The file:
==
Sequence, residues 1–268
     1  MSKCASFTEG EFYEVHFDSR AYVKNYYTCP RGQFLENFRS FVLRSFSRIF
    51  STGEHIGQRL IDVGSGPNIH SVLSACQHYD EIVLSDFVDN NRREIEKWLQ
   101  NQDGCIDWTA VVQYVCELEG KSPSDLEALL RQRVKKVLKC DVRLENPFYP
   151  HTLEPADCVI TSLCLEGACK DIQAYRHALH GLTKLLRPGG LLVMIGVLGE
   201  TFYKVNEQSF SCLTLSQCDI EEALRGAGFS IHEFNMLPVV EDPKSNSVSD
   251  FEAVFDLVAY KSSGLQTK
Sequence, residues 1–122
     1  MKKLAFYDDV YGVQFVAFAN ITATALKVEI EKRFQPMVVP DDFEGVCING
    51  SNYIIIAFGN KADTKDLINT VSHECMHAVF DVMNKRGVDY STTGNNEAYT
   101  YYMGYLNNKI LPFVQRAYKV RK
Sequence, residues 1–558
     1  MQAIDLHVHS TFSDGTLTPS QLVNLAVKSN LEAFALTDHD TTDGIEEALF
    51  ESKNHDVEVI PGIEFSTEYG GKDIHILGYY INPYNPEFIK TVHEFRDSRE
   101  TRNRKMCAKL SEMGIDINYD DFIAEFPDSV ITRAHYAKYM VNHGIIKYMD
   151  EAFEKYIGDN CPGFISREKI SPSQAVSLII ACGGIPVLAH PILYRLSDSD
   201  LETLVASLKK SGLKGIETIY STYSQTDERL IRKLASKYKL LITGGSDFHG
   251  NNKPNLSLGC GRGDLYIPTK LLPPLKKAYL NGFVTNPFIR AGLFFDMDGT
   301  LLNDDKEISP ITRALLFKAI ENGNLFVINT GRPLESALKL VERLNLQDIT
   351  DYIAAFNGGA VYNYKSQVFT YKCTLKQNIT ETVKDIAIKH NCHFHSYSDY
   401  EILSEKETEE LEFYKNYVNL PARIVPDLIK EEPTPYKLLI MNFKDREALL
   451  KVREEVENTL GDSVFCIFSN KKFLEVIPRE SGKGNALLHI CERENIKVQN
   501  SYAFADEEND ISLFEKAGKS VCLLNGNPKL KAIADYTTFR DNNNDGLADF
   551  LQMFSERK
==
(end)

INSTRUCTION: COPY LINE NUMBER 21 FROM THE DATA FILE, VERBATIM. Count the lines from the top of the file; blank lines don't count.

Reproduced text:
   401  EILSEKETEE LEFYKNYVNL PARIVPDLIK EEPTPYKLLI MNFKDREALL